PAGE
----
Cooking fuels and prevalence of asthma: a global analysis of phase three of the International Study of Asthma and Allergies in Childhood (ISAAC)

Gary W K Wong, Bert Brunekreef, Philippa Ellwood, H Ross Anderson, M Innes Asher, Julian Crane, Christopher K W Lai, for the ISAAC Phase Three Study Group

Background: Indoor air pollution from a range of household cooking fuels has been implicated in the development and exacerbation of respiratory diseases. In both rich and poor countries, the effects of cooking fuels on asthma and allergies in childhood are unclear. We investigated the association between asthma and the use of a range of cooking fuels around the world.

Methods: For phase three of the International Study of Asthma and Allergies in Childhood (ISAAC), written questionnaires were self-completed at school by secondary school students aged 1314 years, 244?734 (78%) of whom were then shown a video questionnaire on wheezing symptoms. Parents of children aged 67 years completed the written questionnaire at home. We investigated the association between types of cooking fuels and symptoms of asthma using logistic regression. Adjustments were made for sex, region of the world, language, gross national income, maternal education, parental smoking, and six other subject-specific covariates. The ISAAC study is now closed, but researchers can continue to use the instruments for further research.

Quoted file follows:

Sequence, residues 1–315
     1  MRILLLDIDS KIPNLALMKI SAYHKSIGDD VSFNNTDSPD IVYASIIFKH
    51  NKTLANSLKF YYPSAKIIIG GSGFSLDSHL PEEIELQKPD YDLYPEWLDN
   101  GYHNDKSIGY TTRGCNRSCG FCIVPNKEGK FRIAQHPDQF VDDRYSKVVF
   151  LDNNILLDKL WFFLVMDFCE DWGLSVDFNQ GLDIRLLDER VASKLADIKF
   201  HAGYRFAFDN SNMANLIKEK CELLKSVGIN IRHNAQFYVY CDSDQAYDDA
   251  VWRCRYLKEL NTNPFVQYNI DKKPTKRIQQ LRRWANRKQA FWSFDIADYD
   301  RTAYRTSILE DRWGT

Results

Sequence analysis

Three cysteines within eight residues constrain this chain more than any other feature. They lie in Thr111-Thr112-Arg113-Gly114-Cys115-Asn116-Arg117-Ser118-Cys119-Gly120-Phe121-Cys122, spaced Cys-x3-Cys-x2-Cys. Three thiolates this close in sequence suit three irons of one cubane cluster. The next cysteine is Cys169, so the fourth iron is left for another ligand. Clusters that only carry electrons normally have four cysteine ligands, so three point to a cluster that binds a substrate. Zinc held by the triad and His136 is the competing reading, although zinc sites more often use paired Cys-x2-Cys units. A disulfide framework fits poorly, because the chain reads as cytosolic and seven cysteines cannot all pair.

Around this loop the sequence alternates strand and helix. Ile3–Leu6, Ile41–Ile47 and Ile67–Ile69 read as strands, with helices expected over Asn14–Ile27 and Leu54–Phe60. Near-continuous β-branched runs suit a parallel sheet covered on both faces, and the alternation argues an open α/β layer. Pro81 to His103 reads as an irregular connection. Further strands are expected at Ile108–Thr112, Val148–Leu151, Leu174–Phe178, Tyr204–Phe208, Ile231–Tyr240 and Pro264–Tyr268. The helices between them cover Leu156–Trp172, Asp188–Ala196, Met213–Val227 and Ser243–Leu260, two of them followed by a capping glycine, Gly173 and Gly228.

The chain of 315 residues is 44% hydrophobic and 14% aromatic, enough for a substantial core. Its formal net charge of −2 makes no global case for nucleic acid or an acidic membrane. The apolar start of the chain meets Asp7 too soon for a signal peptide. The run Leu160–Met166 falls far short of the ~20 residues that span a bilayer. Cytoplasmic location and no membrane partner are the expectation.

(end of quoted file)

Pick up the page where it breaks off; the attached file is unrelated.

Results: Data were collected between 1999 and 2004. 512?707 primary and secondary school children from 108 centres in 47 countries were included in the analysis. The use of an open fire for cooking was associated with an increased risk of symptoms of asthma and reported asthma in both children aged 67 years (odds ratio [OR] for wheeze in the past year, 178, 95% CI 151210) and those aged 1314 years (OR 120, 95% CI 106137). In the final multivariate analyses, ORs for wheeze in the past year and the use of solely an open fire for cooking were 217 (95% CI 164287) for children aged 67 years and 135 (111164) for children aged 1314 years. Odds ratios for wheeze in the past year and the use of open fire in combination with other fuels for cooking were 151 (125181 for children aged 67 years and 135 (115158) for those aged 1314 years. In both age groups, we detected no evidence of an association between the use of gas as a cooking fuel and either asthma symptoms or asthma diagnosis.

Conclusions: The use of open fires for cooking is associated with an increased risk of symptoms of asthma and of asthma diagnosis in children. Because a large percentage of the world population uses open fires for cooking, this method of cooking might be an important modifiable risk factor if the association is proven to be causal.

Lancet Resp Med 2013; Epub ahead of Print


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